Another correlation exists with diabetic nephropathy, as one study compared 10 patients with diabetes and kidney disease to 11 otherwise comparable patients with diabetes without kidney disease. The patients with diabetic nephropathy had significantly greater lens autofluorescence measurements and decreased lens transmittance.11
What makes autofluorescence of the lens even more compelling is that it can support early diagnosis. In one 14-year follow-up study, which confirmed that lens fluorescence was significantly related to mean HbA1c, researchers noted that although fluorophore accumulation in the lens of a diabetes patient was increased in proportion to glycemic control, it was not sufficient to explain the entire variation. Thus, lens fluorescence must be influenced by other factors before initiation and during the study. The study authors further concluded that it may have been affected before the onset of DM.12 The underlying mechanism could be a variation in susceptibility to lens protein denaturation by glycation. This means that patients who are more likely to develop diabetes may have the initial effects noted in their crystalline lens.
The ability to make a diagnosis of AD or DM via the crystalline lens prior to clinical diagnosis or symptoms could solidify our role as primary eye care providers and help save the vision and lives of our patients.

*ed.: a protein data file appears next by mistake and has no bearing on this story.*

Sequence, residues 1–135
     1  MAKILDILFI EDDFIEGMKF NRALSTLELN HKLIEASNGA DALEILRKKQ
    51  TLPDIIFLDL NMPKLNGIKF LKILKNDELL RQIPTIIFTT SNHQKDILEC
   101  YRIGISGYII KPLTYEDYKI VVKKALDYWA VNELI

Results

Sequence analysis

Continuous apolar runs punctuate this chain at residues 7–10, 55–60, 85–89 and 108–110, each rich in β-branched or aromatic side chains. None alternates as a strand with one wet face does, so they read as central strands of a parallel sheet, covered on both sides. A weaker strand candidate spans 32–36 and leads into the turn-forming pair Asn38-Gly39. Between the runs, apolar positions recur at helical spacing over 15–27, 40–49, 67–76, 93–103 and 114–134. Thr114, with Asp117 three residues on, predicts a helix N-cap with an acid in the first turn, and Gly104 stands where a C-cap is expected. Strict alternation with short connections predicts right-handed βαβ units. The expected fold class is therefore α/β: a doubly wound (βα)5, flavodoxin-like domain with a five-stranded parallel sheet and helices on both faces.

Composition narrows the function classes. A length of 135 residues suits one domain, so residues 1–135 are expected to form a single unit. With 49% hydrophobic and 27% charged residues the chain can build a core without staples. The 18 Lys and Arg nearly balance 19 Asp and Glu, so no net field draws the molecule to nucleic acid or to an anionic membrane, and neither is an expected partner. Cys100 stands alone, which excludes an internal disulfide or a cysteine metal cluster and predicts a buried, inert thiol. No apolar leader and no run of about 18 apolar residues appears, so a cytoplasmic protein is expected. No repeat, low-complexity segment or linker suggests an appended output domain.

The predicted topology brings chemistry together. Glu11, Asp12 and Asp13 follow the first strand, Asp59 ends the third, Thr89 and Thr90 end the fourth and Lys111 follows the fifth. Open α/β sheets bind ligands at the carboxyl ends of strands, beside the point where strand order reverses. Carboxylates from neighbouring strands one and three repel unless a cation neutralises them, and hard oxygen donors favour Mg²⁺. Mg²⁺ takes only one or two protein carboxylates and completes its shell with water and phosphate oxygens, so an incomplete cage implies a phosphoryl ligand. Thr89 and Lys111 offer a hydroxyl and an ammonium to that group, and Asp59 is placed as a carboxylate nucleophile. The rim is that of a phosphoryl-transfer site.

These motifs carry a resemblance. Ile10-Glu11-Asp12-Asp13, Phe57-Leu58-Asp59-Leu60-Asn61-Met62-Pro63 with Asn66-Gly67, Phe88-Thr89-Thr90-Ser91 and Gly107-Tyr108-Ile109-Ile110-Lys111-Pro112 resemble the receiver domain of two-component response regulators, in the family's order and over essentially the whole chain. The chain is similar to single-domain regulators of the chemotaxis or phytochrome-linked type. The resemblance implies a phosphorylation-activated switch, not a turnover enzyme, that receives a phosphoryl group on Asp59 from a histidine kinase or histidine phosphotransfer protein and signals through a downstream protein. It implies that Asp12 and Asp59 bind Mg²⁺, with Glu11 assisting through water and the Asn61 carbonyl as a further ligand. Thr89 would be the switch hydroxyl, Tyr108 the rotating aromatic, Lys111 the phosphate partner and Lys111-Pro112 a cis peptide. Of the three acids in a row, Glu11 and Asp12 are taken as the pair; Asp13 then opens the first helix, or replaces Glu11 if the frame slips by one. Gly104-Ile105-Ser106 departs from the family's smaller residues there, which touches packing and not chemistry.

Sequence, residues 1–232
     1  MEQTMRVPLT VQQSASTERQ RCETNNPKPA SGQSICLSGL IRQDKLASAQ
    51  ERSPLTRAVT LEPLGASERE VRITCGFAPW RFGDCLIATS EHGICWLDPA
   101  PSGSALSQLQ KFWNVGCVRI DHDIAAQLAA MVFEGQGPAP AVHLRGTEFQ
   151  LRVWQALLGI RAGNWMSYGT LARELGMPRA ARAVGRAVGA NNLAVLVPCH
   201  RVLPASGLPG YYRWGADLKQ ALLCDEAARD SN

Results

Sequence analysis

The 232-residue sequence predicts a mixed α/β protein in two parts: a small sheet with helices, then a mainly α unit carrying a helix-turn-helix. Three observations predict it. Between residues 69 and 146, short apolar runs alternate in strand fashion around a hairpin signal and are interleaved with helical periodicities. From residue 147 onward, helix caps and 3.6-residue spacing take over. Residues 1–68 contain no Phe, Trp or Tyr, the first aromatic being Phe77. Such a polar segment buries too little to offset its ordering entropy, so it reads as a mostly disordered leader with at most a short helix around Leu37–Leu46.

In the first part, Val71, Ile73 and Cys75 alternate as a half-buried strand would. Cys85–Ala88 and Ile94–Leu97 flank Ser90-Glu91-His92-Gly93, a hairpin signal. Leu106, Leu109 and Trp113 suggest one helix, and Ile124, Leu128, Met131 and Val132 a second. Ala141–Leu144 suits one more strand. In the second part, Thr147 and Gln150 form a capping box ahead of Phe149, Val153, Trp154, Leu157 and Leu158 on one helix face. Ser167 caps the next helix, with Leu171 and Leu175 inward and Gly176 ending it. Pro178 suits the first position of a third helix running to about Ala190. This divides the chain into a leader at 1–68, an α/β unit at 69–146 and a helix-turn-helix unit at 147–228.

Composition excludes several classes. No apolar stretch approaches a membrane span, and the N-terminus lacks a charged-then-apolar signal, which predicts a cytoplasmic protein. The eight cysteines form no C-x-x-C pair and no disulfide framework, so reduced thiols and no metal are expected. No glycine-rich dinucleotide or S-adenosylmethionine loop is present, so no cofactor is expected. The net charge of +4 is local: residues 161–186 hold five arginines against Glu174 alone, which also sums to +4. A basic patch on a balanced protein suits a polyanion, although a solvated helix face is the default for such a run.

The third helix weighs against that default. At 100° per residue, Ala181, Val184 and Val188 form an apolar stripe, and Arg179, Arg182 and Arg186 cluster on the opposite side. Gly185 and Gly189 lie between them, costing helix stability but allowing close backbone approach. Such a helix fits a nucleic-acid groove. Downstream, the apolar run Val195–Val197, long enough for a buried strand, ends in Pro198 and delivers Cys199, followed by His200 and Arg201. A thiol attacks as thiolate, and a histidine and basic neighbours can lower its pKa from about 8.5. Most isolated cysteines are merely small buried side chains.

1. Chu BS. Weill-Marchesani syndrome and secondary glaucoma associated with ectopia lentis. Clin Exp Optom. 2006 Mar;89(2):95-9.
2. Burd J, Stephen L, Cahn F et al. Simultaneous Noninvasive Clinical Measurement of Lens Autofluorescence and Rayleigh Scattering Using a Fluorescence Biomicroscope. J Diabetes Sci Technol. 2012 Nov 1;6(6):1251-9.
3. Bleeker JC, van Best JA, Vrij L, van der Velde EA, Oosterhuis JA. Autofluorescence of the lens in diabetic and healthy subjects by fluorophotometry. Invest Ophthalmol Vis Sci. 1986 May;27(5):791-4.
4. Kessel L, Sander B, Dalgaard P, Larsen M. Lens fluorescence and metabolic control in type 1 diabetic patients: a 14 year follow up study. Br J Ophthalmol. 2004 Sep;88(9):1169-72.
5. Van Best JA, Vrij L, Oosterhuis JA. Lens transmission of blue-green light in diabetic patients as measured by autofluorophotometry. Invest Ophthalmol Vis Sci. 1985 Apr;26(4):532-6.
6. Mosier MA, Occhipinti JR, Burstein NL. Autofluorescence of the crystalline lens in diabetes. Arch Ophthalmol. 1986 Sep;104(9):1340-3.
7. Van Wirdum E, van Best J, Bruining GJ, et al. Blood-retinal and blood-aqueous barrier permeability, lens autofluorescence and transmission in insulin-dependent diabetic youngsters. Graefes Arch Clin Exp Ophthalmol. 1989;227(1):26-9.
8. Moseir MA, Occhipinti JR, Burstein NL. Autofluorescence of the crystalline lens in diabetes. Arch Ophthalmol. 1986 Sep;104(9):1340-3.
9. Kjer B, Larsen M, Bendtson I et al. Lens autofluorescence in the diabetes compared with the level of glycosylated hemoglobin A1c. Acta Ophthalmol Suppl.1987;182:100-2.
10. Larsen M, Kjer B, Bendtson I, et al. Lens fluorescence in relation to metabolic control of insulin-dependent diabetes mellitus. Arch Ophthalmol.1989 Jan;107(1):59-62.
11. Larsen M, Kjer B, Bendtson I, et al. Lens fluorescence in relation to nephropathy in insulin-dependent diabetes mellitus. Graefes Arch Clin Exp Ophthalmol. 1992;230(1):6-10.
12. Kessel L, Sander B, Dalgaard P, Larsen M. Lens fluorescence and metabolic control in type 1 diabetic patients: a 14 year follow up study. Br J Ophthalmol. 2004 Sep;88(9):1169-72.